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Executive Summary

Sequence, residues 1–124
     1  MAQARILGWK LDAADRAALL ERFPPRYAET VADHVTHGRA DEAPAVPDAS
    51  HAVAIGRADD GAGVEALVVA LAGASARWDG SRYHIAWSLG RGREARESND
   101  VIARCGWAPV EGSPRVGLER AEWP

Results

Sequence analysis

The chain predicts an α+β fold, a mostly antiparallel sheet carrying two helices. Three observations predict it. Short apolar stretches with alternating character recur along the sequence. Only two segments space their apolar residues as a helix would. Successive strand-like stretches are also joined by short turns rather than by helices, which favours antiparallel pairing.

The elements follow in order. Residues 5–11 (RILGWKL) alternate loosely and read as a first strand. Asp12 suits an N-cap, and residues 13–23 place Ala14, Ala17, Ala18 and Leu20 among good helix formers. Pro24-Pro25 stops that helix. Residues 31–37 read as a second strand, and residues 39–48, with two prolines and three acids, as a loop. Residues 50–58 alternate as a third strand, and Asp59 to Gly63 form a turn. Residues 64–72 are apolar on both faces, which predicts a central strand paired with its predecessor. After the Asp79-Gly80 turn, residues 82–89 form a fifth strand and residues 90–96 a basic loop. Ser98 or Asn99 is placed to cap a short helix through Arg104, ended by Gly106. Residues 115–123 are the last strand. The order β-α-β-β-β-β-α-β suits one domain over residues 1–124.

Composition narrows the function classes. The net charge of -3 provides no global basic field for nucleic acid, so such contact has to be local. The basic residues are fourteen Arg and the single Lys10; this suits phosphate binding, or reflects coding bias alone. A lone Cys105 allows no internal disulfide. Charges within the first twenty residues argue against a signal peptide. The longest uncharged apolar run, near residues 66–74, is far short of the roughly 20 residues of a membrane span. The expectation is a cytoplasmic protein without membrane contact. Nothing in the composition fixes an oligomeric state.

Bolar is negotiating with FDA over an agency audit of the firm's ANDAs. The generic drug manufacturer met with FDA on Feb. 9 in an effort to pin down which of the firm's generic drugs should be included in a review of ANDAs. A week earlier, on Feb. 2, Bolar agreed to an audit by FDA of its narrow therapeutic range drugs for the treatment of critical conditions. Disagreement between Bolar and FDA over which products' ANDAs should be slated for evaluation has apparently delayed an announcement by the company of its arrangement with the agency. An FDA spokesperson said the agency is initiating an audit "not for any cause except that three of their drugs had false applications." The spokesperson added that FDA wants to be confident that "drugs with narrow therapeutic action are as they're supposed to be." Reportedly, FDA also would like independent bioequivalence studies to be conducted on some of the drugs. On Feb. 2, Bolar voluntarily agreed to suspend distribution of its entire product line, pending a mutual decision with FDA on which drugs will be audited. The temporary suspension of sales took effect on Feb. 5. According to FDA, once a list of specific drugs is drawn up, Bolar expects to reintroduce those products that will not be subject to the audit. Trading of Bolar's stock on the American Stock Exchange was halted on Feb. 7 by request of the company. At that time, the stock was trading at $13-1/8, up $1 from the previous day. However, the American Stock Exchange is understood to be concerned with Bolar's delay in calling a halt to the stock's trading pending the company's announcement of its agreement with FDA. In a prepared statement, the American Stock Exchange said that it "is devoting considerable resources in an effort to resolve the situation, and any future trading of the stock...must await the results of our inquiry as well as certain ongoing inquiries by other regulatory bodies." Trading in Bolar's shares was earlier halted from Jan. 25 to Feb. 3 in response to a request by House Energy & Commerce/Oversight Subcommittee Chairman Dingell (D-Mich.) that Bolar remove its generic Dyazide from the market because the company had allegedly filed false information in a submission to FDA for its generic Dyazide ("The Pink Sheet" Jan. 29, p. 5). Bolar subsequently recalled its generic version of Dyazide and its extended release phenytoin, explaining that "bioequivalence cannot be assured" ("The Pink Sheet" Feb. 5, p. 14). In addition, Rep. Dingell has asked the Securities & Exchange Commission to investigate the alleged dumping of Bolar stock by company officials on or about Dec. 18 and the failure of Bolar to disclose to the public information on the falsity of its submission in a timely manner. FDA embarked on an industry-wide review of generic and brandname narrow therapeutic range drugs last fall in an effort to deal with public safety questions arising from the generic drug scandal ("The Pink Sheet" Dec. 11, p. 3). FDA said that its analysis of these drugs, to determine whether they meet U.S. Pharmacopeia standards, is 90% complete and that results should be available this month. Apparently, FDA is using the public safety issue as a starting point for dealing with its concerns over the possibility that Bolar may have submitted fraudulent information in applications for its drugs. Of the 24 drugs with narrow therapeutic ranges that FDA is looking at in its industry-wide sampling program, Bolar has ANDAs for: clonidine, disopyramide, guanethidine, lithium carbonate, oxtriphylline, phenytoin, primidone, procainamide HCl, quinidine gluconate, and warfarin sodium. Separately, FDA announced in the Feb. 7 Federal Register that it is withdrawing the approval of Bolar's ANDAs for its generic nitrofurantoin 50 and 100 mg capsules. The notice states that "Bolar has requested that approval of the applications be withdrawn and has waived its opportunity for a hearing."

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